What are my prospects? Patients with dementia and people with a genetic predisposition for this disease are eager to know what lies ahead of them. An MRI brain scan can contribute to diagnosis as well as prognosis – if the visual data are correctly interpreted.
From June 2016, Quantib BV in Rotterdam is offering radiologists and neurologists software that will help them make a more quantified and objective diagnosis. Quantib’s software is currently integrated for users of GE MRI equipment, explains the company’s Scientific Director, Professor Wiro Niessen. CEO Rudolf Scholte in general comments on spin offs and the difference in culture between academia and enterprise.
Quantib BV, an ISO-certified organisation of twelve people, was established in 2012 as a spin-off from the Biomedical Imaging Group, Rotterdam. This is a research initiative of the Departments of Radiology and Medical Informatics of Erasmus MC. The general idea on which Quantib was founded was similar to the results from the Heartin3D/4D projects: if we can integrate, quantify and visualise a patient's heart condition over time, we can use a similar approach for MRI or CT brain scans. The Quantib method, however, differs quite dramatically from Heartin3D/4D. “On the basis of an MRI brain scan, aspects of the brain, such as the volume of grey matter and white matter are quantified,” explains Wiro Niessen. “And the same goes for potentially existing pathology, such as white-matter lesions or micro-bleedings.”
At Quantib, software is developed under a quality system, a requirement for its introduction as a medical device. “The software not only provides a quantification of brain measures, but also uses this as the basis for a quantitative report and visualization, says Niessen. “This enables comparison of an individual patient to a reference population. We’re exploring whether this information can be used for prognosis: will the person attain dementia and when is this process likely to start?”
The possibility of assessing the prognostic value of MR brain images is partly enabled by the data of a Rotterdam Study, a population study in which 15,000 people were followed since 1990. “Thousands of images now allow for a comparison of a patient to the average of this population,” explains Niessen. “These reference data can be used to determine areas in the brain where there are abnormalities, and we are currently exploring the prognostic value of those.”
The four years between Quantib starting up and the availability of an operational product is a remarkably short time-to-market. Quantib’s CEO, Rudolf Scholte, emphasises how a start-up's end product generally differs from its academic starting point: “Enterprise and the importance of business administration, marketing, management and financial risk are often underrated in an academic environment. It takes a complex mix of competences, experience and training. Mutual understanding is of the utmost importance – as is some modesty! When society is paying your salary, to what extent is something ‘your’ invention?”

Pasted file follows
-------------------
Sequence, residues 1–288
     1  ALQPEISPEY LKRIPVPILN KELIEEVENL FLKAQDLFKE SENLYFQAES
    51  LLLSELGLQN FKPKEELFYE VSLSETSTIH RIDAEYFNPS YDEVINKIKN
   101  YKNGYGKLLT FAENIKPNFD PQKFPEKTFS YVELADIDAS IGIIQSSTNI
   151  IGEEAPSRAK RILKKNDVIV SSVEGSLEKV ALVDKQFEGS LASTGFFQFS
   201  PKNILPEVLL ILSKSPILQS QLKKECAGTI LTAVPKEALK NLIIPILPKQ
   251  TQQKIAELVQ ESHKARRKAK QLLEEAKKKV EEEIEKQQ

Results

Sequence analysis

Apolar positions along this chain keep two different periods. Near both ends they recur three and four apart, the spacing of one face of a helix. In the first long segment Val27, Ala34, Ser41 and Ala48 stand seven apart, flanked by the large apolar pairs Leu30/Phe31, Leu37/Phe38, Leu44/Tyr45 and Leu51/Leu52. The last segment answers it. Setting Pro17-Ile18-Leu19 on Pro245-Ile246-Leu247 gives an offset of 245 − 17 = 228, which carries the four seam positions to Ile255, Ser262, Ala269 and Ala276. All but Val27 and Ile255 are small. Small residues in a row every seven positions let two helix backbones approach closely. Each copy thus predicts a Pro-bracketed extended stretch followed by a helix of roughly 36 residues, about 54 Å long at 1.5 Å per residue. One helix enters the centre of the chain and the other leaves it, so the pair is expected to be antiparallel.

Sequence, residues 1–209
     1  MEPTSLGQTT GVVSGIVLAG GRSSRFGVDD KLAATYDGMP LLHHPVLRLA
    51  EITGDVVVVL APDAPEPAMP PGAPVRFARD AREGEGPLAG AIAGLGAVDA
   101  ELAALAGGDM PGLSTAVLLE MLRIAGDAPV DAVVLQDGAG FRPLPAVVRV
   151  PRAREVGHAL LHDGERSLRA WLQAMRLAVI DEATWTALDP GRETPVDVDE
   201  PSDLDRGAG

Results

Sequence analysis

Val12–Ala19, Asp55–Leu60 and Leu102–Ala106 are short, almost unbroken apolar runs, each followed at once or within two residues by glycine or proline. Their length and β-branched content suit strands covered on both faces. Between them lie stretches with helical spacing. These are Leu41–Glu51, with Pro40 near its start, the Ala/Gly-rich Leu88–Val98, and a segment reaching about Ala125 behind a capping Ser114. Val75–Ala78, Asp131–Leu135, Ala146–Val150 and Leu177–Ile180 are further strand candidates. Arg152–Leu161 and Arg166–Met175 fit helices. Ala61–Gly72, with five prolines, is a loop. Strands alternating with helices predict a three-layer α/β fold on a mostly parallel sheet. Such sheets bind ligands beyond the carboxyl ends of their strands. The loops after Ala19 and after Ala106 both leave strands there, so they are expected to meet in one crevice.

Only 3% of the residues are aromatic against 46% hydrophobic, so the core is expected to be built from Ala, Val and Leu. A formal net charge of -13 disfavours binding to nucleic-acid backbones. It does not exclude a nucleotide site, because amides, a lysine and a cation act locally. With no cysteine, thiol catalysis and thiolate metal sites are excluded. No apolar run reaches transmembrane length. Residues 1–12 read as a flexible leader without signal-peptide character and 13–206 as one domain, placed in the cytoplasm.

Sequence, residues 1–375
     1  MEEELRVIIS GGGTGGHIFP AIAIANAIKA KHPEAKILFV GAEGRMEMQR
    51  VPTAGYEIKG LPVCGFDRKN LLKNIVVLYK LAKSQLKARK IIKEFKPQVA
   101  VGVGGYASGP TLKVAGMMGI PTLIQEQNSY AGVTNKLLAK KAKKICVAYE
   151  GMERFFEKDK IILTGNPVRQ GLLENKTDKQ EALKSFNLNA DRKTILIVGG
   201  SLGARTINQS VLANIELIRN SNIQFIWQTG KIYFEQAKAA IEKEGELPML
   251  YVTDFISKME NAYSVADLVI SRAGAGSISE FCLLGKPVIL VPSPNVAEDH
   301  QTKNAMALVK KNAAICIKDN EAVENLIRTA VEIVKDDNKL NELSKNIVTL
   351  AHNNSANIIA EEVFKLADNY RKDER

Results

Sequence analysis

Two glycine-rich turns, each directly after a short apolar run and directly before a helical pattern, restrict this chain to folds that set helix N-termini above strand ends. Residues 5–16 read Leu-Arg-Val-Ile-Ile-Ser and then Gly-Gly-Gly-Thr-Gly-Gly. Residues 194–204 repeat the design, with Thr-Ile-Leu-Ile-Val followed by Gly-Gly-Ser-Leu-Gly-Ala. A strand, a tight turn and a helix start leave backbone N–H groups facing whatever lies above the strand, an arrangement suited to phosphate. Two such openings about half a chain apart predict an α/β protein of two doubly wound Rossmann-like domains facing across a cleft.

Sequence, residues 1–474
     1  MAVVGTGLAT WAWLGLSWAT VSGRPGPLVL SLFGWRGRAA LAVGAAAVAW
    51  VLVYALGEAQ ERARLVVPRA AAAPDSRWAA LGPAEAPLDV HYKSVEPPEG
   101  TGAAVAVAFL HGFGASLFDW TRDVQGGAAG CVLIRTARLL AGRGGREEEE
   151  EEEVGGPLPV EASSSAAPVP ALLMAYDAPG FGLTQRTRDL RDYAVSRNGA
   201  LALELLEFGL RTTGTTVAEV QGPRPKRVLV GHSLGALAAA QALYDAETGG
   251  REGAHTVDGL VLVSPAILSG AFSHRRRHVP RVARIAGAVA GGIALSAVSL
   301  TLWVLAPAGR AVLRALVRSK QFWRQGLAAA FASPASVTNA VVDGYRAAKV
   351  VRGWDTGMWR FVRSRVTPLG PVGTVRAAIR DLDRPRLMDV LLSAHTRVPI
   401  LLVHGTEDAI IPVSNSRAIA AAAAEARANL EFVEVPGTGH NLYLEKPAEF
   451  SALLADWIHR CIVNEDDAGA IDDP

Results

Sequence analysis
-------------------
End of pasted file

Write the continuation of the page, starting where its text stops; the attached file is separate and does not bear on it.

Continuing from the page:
One very important notion is that the invention is not the same thing as the end product. “The invention is only the spark, not the fire,” says Scholte. “A proof of concept or prototype typically has to be rebuilt from scratch to comply with market demands. In our case, code generation had to be completely structured, traceable and controlled. This requires a lot of repetition and testing, which some might find boring. But this corporate approach to medical software is not customary in a research setting. That’s a pity, because it would save time and money, prevent errors and provide leverage during negotiations between the university and commercial parties if such an approach were adopted from the start.”
This is only one aspect of the gap between academia and the market. “As we have already learned from video recorder systems and PC operating systems, it is often not the technically better product that becomes the most successful one. Start-ups need to realise that commercial aspects shouldn't be underrated,” Scholte advises. “Having said that, it’s true that the connection between academia and enterprise is much closer now than it was some decades ago. One reason for this is the Technology Transfer Offices that are now in place. Furthermore, researchers' successes are nowadays not only measured by their publication scores, but in some places also by their valorisation accomplishments. Still, successful spin-off actions largely depend on the effort of individuals, such as, in the case of Quantib, Professor Krestin, head of Radiology at Erasmus MC.”
There will always remain a difference between the goals of science and those of business, and this creates a difference in culture. “That’s only natural and no big deal, as long as you accept the differences in a team once you’ve started a company,” says Scholte.
The freedom to succeed
In order to further improve valorisation, Scholte paradoxically pleads for more academic freedom. “More freedom and less pressure would result in more commercial success, I'm sure. The brightest minds now have to waste a lot of their time on writing proposals and accounting for every minute. The pressure on scientists has gone over the top since the arguably too-relaxed 1970s were over. Pressure for commercial success shouldn't come on top of that. Awareness of commercial opportunities is great, and everyone has some entrepreneurial sense. But we should also accept that not every scientist will become an entrepreneur.”
Interview by: Leendert van der Ent